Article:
Three Cambodians were shot and killed early on Saturday morning after engaging in a firefight while illegally logging along the Thai border, officials said yesterday.
The three are believed to have been shot after crossing from Battambang’s Samlot district into Thai territory while logging luxury rosewood.
Ti Sokha, chief of Cambodia-Thailand border relations in neighbouring Pailin, said the loggers were likely to blame.
“The loggers were encountered by Thai patrollers while cutting timber in Thailand, and they opened fire at the Thai side first after being asked to stop cutting. However, Thai patrollers fired back and killed them, and one Thai patroller was injured too,” Sokha said.
The men were armed with semi-automatic rifles, deputy provincial police commander Em Dara said. He gave a slightly differing account, saying the Thai soldiers shot in the air “to threaten the Cambodians”, at which point the loggers opened fire.
They were accompanied by three other men, one of them a soldier, who have since been allowed to return home.
Although official numbers have not been updated, dozens of Cambodians have been shot on the border this year.
As of July, government statistics put the figure at 38 – far eclipsing the 15 who were shot dead in 2011, a record number at the time.
Exacerbated by rising prices and a growing scarcity of timber within Cambodia’s borders, the bloody logging situation shows little signs of abating despite heightened attempts by officials to warn people away from the border.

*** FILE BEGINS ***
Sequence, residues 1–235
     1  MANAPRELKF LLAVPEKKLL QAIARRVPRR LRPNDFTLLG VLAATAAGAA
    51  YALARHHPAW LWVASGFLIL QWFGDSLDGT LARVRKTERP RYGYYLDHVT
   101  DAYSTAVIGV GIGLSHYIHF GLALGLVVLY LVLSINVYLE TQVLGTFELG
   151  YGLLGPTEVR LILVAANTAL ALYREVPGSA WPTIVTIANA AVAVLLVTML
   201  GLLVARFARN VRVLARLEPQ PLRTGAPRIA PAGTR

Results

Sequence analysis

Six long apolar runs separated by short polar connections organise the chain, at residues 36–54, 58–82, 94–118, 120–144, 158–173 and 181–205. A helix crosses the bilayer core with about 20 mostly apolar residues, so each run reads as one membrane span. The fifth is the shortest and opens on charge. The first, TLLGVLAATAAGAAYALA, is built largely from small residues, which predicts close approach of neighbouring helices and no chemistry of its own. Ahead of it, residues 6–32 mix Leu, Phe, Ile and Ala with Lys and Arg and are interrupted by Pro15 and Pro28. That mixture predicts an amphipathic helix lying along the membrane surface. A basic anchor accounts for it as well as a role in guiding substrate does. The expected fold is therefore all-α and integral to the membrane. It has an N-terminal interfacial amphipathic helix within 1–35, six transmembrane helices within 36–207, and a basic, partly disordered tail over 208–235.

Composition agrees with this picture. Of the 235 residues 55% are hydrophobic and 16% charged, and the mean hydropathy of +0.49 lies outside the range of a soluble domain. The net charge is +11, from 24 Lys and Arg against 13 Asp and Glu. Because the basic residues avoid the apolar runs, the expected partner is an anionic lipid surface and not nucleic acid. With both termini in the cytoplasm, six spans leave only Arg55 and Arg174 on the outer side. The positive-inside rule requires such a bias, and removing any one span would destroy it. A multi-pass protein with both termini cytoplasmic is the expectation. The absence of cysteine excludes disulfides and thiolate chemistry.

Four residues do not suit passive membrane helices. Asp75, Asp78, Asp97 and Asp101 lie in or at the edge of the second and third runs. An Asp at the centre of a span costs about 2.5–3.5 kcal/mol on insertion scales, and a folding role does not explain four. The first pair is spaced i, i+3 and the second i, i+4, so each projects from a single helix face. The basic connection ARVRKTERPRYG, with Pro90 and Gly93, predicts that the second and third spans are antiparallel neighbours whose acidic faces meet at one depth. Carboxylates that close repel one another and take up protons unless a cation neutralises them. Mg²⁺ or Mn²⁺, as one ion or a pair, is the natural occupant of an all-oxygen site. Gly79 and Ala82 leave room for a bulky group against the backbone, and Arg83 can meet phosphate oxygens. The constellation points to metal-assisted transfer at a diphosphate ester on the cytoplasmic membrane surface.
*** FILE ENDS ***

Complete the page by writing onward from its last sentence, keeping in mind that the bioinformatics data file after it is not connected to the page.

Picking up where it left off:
There have been scores of illegal logging deaths at the borders of Oddar Meanchey and Preah Vihear provinces in recent years, but few, if any, recorded in Battambang.
The prevalence of illegal crossings to cut timber had spread to Stung Treng in spite of active intervention by police, officials said yesterday.
Va Sophan, the police chief of Seam Pang district, said that in the past week alone, 16 people had been arrested on the Lao side, 11 of whom had been released so far.
Rights workers have pointed out repeatedly that insufficient opportunities within Cambodia lead workers to take desperate risks.
To contact the reporter on this story: Phak Seangly at email@example.com